3. WWII Royal Air Force Acrylic Paint Set (3018) ICM via Hannants ICM have fairly recently released their own brand of acrylic paints on the market, and are creating some kit specific sets to go with their major releases, of which this is one. The set arrives in a cardboard box with six screw-capped bottles inside, each containing 12ml of paint. The bottles are clear Polypropylene, and are capped with cylindrical tops with knurled sides, and a one-time security seal that you break on first opening. A label on the side gives you basic information about the colour and code, a little information regarding application in English and Ukrainian and a bar-code. This set provides the major colours to assist you in painting your brand-new Bristol Beaufort Mk.I in 1:48 from ICM themselves, and you will find the following colours in the box: 1054 Chocolate 1069 Extra Dark Green 1037 Dark Grey 1032 Blue Grey 1027 Gun Metal 2002 Satin Varnish The paint is thick in the bottle, with plenty of headroom between the surface of the paint and the lip of the neck. I dropped a glass stirring ball into each bottle, and they took a few seconds to disappear beneath the surface, indicating their viscosity. If you look closely at some of the colours in the range (not necessarily this set), you'll notice that the colour of the paint seems lighter in places. That's not a reflection on the actual colour inside the pot though, so don't be put off, as it’s just some pigments seem to be drawn to the container wall. Lifting the lid shows the true colour, which is a much better representation of the colours, and that’s the shade that can be seen in the darker areas. What causes the lighter pigments to adhere to the bottle sides is a mystery, but it's cosmetic only so not something to worry about. During testing, I used Ultimate Acrylic Thinners to dilute the paint to spray through my Gunze PS770 airbrush, which has a 0.18 needle chucked in. The paint dilutes well once it has been mixed thoroughly, and sprays well through my airbrush, which has a smaller than usual needle that is a good test of the finesse of the pigment grind of any brand, as some brands don’t spray very well though anything less than a 0.3mm needle if they’re coarsely (cheaper) ground. There were no problems with blockages at all, and the coverage was excellent after my usual ad hoc dilution method, which was probably nowhere near the 40-60% thinners or water that’s suggested on the pack. Apart from the varnish, the other paints all dry to a matt finish. In past tests, the Satin Varnish worked very well diluted with water, sprayed over the spoons that were also partially taped up to perform two functions at once. The satin patina that resulted is exactly what was expected, and the tape lifted no paint at all, despite my best efforts to do so. Bear in mind that the spoons were prepped by a buff with a very fine sanding sponge to give them the best chance of adhesion. Using a brush, the colours cover well two coats with minimal brush marks visible. Conclusion The paints are an excellent new brand, and whilst there is a little less paint in the bottles than some brands, they’re about average on balance. That is more than offset by the very reasonable price they’re asking for the set, even at RRP. Highly recommended. Available in the UK from importers H G Hannants Ltd. Review sample courtesy of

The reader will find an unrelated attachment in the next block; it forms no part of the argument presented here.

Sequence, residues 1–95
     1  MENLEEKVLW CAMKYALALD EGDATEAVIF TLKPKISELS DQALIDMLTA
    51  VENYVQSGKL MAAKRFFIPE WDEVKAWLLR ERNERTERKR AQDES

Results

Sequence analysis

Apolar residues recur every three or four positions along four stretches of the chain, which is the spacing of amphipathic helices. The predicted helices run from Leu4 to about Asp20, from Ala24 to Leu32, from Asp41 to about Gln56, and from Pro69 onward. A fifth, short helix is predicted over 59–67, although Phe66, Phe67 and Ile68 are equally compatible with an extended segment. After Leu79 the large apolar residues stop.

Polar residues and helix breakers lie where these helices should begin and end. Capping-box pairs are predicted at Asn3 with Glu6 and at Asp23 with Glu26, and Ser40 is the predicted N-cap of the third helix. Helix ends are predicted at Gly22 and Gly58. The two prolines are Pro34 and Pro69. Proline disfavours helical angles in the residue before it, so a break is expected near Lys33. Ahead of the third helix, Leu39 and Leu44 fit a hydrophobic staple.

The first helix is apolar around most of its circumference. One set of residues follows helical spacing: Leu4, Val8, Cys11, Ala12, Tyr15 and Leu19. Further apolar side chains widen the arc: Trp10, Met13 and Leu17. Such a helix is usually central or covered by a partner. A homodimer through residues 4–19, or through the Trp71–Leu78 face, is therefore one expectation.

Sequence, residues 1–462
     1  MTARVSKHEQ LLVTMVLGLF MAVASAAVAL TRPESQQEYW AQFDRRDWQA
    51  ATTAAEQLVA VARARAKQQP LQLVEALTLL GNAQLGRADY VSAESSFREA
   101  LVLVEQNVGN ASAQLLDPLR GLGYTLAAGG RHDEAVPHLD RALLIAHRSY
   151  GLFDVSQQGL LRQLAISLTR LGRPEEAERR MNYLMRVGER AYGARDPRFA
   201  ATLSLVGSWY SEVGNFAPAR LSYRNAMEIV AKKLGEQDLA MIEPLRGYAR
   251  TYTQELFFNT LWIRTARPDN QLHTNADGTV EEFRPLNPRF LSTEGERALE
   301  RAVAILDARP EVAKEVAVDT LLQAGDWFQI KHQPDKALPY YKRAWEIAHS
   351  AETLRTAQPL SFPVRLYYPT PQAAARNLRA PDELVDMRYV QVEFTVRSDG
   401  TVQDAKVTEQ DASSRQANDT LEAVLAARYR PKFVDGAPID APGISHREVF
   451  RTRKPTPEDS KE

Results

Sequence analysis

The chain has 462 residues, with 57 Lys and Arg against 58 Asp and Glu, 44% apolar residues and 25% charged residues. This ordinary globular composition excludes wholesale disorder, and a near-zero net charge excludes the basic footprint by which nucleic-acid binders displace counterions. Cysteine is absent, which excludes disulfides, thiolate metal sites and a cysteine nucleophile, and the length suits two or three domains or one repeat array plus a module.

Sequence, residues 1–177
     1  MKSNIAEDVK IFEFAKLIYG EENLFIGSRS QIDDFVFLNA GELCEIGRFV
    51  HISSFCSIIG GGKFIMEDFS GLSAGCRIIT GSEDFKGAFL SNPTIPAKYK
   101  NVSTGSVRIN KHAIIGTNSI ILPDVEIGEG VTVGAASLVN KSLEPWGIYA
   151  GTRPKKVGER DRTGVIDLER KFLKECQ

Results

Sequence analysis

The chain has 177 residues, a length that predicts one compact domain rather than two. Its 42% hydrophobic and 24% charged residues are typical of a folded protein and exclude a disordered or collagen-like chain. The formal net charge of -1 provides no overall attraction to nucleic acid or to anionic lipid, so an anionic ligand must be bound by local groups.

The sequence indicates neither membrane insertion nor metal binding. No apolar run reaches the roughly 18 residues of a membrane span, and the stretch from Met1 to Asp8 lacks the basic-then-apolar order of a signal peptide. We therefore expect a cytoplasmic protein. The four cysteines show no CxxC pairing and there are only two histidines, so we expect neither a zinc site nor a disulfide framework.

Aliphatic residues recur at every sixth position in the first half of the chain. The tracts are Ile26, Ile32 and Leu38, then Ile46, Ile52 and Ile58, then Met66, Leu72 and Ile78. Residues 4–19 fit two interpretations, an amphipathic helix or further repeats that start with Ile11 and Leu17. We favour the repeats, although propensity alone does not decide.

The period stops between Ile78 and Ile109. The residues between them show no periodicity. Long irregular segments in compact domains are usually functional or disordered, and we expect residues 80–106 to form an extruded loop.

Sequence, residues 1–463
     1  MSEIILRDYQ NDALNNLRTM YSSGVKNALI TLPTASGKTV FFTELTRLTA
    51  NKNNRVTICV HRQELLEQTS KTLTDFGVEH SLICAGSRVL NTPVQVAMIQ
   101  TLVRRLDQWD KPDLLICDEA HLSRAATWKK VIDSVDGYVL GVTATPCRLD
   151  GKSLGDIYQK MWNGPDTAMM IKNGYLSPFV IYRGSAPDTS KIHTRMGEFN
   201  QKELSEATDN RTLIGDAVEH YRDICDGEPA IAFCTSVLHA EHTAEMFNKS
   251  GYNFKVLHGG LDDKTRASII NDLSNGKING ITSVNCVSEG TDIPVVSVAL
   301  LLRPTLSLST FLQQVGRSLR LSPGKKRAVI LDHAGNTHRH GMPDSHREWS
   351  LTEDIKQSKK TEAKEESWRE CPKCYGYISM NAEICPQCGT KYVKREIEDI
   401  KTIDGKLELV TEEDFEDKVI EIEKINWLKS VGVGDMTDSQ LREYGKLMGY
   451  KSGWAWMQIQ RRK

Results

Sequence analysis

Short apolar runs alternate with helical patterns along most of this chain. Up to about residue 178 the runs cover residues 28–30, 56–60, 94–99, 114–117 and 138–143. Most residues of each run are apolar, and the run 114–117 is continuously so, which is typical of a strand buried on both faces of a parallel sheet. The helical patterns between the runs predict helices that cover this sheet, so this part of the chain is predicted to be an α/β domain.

4. The Ghost of Kyiv (72140) Mig-29 of Ukrainian Air Force 1:72 ICM via Hannants Ltd. This is going to be a difficult review to steer a centreline on, so you’ll have to forgive me if I drift to one particular side a little, although I’ll try not to. Please don’t be tempted to engage in any jingoism of your own. On 24th February 2022 an aggressor invaded Ukraine with malevolent intent, a variety of fallacious explanations as to why they were there, and intentions of taking over the whole country to make it their own. Ukraine, its government and people have fought back valiantly against this attack, and one Ukrainian aviator in particular gained notoriety for shooting down a number of the aggressor’s aircraft in quick succession, flying an upgraded Mig-29-13 in a grey digital camouflage scheme. There is conjecture whether the ‘Ghost of Kyiv’ exists, has since been killed in action, or whether it is simply a conflation of the exploits of the Ukrainian Air Force as a whole. Whichever it is, it has given the aggressors pause for thought, and prevented them from achieving anything resembling air superiority over most of Ukrainian territory, giving the brave Ukrainian fighters one less thing to worry about amongst many perils. We at Britmodeller would like to wish all of Ukraine’s armed forces the best with their struggle, and hope that it is resolved soon to their satisfaction. The Kit This is a reboxing of ICM’s 2008 tooling of this classic Cold War Soviet-era jet, but with new decals appropriate for the subject matter. The kit arrives in a stylishly appointed top-opening box with captive inner lid, and inside are three sprues of medium grey styrene, a small clear sprue, two sheets of decals and the instruction booklet, which shares the same design as the box lid, and has spot-colour throughout, including full colour profiles on the back page. Detail is on par for the era of its original release, with engraved panel lines, raised and recessed detail where appropriate, cockpit and gear bay detail, and a complement of weapons and fuel tanks, the latter remain unused. Construction begins with the cockpit, which has an ejector pin mark in the middle of the floor that will be covered by the ejection seat, but should be cut flush to ensure everything fits properly. A control column and instrument panel with raised and recessed detail moulded-in completes the cockpit, although the Zvezda K-36 seat could do with a little additional work, including adding the tubular housings for the ejection stabilisation beams that sit at each side of the headbox. The cockpit inserts into the upper fuselage from below, after which it can be closed up ready for the other components. There aren’t many stages to the instruction booklet, and we see the wings, elevators and stabilisers added at the same time as the two-part canopy. Two inset diagrams show the twin engine nacelles being made up with integral FOD guards before they too are joined to the underside of the fuselage, with the exhausts also made up from inner and outer parts in more inset diagrams. The included weapons also have inset diagrams, and you can make up two each of R-27 Alamo, R-60 Aphid and R-72 Archer air-to-air missiles, but bear in mind that the weapons sprue has a little flash, so some clean-up might be needed. Each missile has its own pylon, and the larger R-27s have separate fins perpendicular to the seamline. They are all shown inserted into the holes in the wing undersides at the same times as the main and nose gear, which have separate wheels and retraction jacks, plus gear bay doors and a clear landing light in each main gear well. The nose gear bay has three doors, and at the tip of the nose a pitot probe will poke out your eye if you look to closely. Markings There is just one decal option spread over the two sheets, with all the digital camouflage on the larger sheet, while Ukrainian national markings and codes are on the other. As the real identity of the Ghost is unknown, there are six lines of numeric codes in white/blue, blue/white and white/yellow options, plus a stylised skull for the nose on a black circular backing. The underside is painted sky grey and the topside off-white, glossing them ready for the digital camo decals, of which there are eighteen in three shades of grey. An instrument decal is also included to improve the detail in the cockpit, plus a number of stencils for the airframe, all of which should settle down well with the help of some decal setting solution. They are printed by ICM’s usual partner, and registration, colour density and sharpness is good. Ghost of Kyiv Paint Set (3027) ICM have this year released their own brand of acrylic paints to the market, and are creating some kit specific sets to go with their major releases, of which this is one. The set arrives in a cardboard box with six screw-capped bottles inside, each containing 12ml of paint. The bottles are clear Polypropylene, and are capped with cylindrical tops with knurled sides, and a one-time security seal that you break on first opening. A label on the side gives you basic information about the colour and code, a little information regarding application in English and Ukrainian and a bar-code. The paint is thick in the bottle, with plenty of headroom between the surface of the paint and the lip of the neck. I dropped a glass stirring ball into each bottle, and they took a few seconds to disappear beneath the surface, indicating their viscosity. Inside the box are the following bottles: 1028 Offwhite 1033 Sky Grey 1034 Dark Sea Grey 1037 Dark Grey 1038 German Grey 2002 Satin Varnish The paint is undiluted, so will need thinning by between 40-60% with water or acrylic thinner for use with an airbrush, and they naturally have a semi-gloss finish that can be adjusted later by the use of varnishes, and are waterproof when dry like most acrylics. During my initial testing I used Ultimate Thinners, my go-to thinners for any acrylic paint, which helps keep the number of large bottles in my spray booth to a minimum. The paint comes out of the bottle quite thick and viscous, so it’s possible you’ll have to dilute it even for brush painting use, although I used it neat during testing, so a small bottle will go a long way in either case. It sprays well when diluted, and like a lot of acrylics a light coat is best initially, followed quickly after by heavier coats until you have the coverage you require. It dries quite quickly, and is touch-dry in 5-10 minutes in summery 20-23oc temperatures, unless you’re in the antipodes as I write this. I have used them to create a number of spray-out cards and spoons for other sets in the range, and they both spray and brush very well, with little issue other than my inexpert application by paint brush. Conclusion It’s a poignant re-release of this model, and the decal choice is inspiring. If 1:72 is your thing and you like jets, you should get one. A set of acrylic paints specifically designed for this kit makes painting your model much easier to accomplish too. It’s all made by a Ukrainian company that is still capable of doing business despite the circumstances, which is singularly impressive. Very highly recommended. Available in the UK from importers H G Hannants Ltd. The Ghost of Kyiv Mig-29 (72140) Ghost of Kyiv Paint Set (3027) Review sample courtesy of